(Halifax) – Child care advocates are calling on Canada’s governments to move to a public system of early childhood care and education – a move that would benefit children and parents, boost the economy and stem the tide of for-profit child care.
“Governments say they’re committed to children and families, but don’t walk the talk,” said Karen Wright, an early Childhood Educator speaking at the Halifax stop on a cross-country tour calling for public delivery of child care through school boards or municipalities. “The reality is most parents in Nova Scotia are scrambling to find good child care they can afford.”
The Halifax forum took place Thursday evening (October 29) at Saint Mary’s University.
Canada’s patchwork approach relies on already-stretched parents and voluntary groups to set up and maintain non-profit centres. While these programs have been the backbone of child care, they are privately delivered and unable to provide services everywhere the need exists.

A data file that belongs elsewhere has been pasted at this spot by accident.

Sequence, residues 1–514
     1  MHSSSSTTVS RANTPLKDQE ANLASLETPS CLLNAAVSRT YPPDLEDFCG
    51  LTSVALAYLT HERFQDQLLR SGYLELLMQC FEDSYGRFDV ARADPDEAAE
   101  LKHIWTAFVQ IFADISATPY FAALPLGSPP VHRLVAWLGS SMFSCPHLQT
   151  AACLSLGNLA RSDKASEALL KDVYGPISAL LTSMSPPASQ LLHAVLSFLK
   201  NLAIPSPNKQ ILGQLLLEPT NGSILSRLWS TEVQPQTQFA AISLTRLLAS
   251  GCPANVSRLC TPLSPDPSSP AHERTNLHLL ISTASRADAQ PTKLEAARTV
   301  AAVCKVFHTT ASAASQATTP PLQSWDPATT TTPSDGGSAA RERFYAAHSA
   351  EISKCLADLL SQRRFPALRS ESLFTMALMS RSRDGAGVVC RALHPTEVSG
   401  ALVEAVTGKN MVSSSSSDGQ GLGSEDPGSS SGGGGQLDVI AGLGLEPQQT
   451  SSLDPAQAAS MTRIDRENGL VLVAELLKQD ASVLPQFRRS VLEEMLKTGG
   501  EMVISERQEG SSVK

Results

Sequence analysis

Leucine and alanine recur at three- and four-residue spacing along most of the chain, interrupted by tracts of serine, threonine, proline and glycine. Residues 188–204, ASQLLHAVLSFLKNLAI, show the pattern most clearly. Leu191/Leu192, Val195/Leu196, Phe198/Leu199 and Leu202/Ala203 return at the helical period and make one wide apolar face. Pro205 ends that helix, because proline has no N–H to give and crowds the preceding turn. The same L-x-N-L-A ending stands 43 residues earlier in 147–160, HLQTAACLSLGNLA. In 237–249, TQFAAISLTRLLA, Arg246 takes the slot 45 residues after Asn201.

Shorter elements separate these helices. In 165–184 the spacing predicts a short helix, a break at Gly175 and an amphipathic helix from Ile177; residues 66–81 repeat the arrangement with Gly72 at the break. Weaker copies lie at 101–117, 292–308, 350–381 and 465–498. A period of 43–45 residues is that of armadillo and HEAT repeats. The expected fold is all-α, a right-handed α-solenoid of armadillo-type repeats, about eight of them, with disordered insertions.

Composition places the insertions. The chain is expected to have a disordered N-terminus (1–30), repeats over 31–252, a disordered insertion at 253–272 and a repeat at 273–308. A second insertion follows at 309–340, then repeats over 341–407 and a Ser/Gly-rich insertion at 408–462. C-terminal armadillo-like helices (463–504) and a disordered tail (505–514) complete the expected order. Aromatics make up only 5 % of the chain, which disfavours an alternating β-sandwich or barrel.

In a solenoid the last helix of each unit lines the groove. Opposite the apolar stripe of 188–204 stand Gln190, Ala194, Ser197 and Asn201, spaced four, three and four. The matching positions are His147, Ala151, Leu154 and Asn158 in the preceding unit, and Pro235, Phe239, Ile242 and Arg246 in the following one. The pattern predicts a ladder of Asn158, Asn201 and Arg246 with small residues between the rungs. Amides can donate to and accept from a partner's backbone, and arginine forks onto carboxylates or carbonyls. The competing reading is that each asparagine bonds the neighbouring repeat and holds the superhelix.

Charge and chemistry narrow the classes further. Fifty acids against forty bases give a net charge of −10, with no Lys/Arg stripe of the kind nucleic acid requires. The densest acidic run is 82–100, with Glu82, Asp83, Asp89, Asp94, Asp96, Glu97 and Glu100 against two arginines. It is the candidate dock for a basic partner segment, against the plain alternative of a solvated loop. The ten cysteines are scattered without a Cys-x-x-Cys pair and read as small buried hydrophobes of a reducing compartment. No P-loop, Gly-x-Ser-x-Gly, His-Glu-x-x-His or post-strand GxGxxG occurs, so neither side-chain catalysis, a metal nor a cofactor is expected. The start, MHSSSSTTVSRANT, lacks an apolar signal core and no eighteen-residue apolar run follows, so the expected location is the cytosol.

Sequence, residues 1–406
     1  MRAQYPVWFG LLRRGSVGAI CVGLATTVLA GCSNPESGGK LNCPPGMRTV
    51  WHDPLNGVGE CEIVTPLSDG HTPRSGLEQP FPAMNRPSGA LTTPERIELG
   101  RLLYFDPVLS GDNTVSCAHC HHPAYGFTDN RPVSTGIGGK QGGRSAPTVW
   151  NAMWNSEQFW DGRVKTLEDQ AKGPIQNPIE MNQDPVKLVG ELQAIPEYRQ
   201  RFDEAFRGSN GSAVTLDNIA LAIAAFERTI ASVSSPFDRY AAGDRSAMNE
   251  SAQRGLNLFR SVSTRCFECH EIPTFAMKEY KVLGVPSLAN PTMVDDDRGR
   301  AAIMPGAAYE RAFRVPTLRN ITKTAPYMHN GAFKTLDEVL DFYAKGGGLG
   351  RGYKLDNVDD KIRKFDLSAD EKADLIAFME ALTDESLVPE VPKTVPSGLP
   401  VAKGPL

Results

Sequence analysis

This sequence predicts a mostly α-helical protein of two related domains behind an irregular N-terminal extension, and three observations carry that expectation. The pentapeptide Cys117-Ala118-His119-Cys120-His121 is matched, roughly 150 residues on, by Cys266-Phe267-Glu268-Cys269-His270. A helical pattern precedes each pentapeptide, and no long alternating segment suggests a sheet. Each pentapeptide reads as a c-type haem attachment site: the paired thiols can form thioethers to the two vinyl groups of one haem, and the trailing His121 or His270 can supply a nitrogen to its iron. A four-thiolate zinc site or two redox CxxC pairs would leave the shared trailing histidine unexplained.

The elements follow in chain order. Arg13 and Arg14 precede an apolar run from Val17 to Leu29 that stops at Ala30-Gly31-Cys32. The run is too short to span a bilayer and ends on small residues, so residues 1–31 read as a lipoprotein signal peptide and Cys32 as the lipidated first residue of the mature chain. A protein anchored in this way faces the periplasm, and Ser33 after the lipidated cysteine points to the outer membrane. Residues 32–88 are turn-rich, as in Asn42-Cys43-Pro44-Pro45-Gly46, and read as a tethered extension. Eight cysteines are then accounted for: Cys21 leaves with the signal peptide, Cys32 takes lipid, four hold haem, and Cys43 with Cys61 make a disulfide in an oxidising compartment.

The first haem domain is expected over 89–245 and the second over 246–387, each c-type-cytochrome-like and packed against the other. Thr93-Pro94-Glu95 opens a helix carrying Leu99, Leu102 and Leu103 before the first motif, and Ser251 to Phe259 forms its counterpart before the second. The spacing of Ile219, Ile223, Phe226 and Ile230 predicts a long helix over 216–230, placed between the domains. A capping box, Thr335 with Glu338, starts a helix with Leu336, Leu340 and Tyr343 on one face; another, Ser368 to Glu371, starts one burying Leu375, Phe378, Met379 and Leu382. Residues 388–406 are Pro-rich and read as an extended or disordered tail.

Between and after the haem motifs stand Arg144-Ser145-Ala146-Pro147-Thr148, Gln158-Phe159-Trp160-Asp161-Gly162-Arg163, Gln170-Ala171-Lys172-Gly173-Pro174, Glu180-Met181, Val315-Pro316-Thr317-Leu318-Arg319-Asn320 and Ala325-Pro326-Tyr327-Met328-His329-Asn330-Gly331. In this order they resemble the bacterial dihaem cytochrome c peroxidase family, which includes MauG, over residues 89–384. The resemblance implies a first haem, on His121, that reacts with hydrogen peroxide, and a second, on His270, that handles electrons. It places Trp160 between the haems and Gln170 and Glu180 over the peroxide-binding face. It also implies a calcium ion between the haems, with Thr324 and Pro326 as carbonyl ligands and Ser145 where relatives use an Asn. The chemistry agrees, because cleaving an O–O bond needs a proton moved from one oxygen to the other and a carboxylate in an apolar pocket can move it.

Canada is also experiencing an alarming trend – a surge in private, for-profit child care. Research shows for-profit care scores lower in quality studies.
“Canada’s child care services are overwhelmingly privatized, fragmented, and expensive. The proven solution is public funding and delivery. It’s the right thing to do and the smart thing to do,” says Wright.
Forum participant Martha Friendly, co-author of a new book, About Canada: Childcare and one of the country’s leading experts on early childhood education and care, outlined how a public system could work in Canada.
“Public child care more than pays for itself through measurable social, educational, health and economic benefits to children, families and society – just look at the examples that already exist in Canada. Delivering child care through local public bodies like school boards or municipalities responds to community needs, is affordable and offers high quality,” said Friendly.
The Canadian Union of Public Employees has organized the tour, which brings together community activists, parents, academics, child care workers and union members, to push for action on child care. Visit cupe.ca/child-care for a backgrounder on public child care, provincial child care profiles and more.